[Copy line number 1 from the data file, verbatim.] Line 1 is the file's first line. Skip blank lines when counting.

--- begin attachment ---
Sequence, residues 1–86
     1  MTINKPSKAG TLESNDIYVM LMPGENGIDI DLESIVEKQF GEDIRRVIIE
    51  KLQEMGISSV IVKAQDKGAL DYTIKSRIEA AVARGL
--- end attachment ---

Sequence, residues 1–86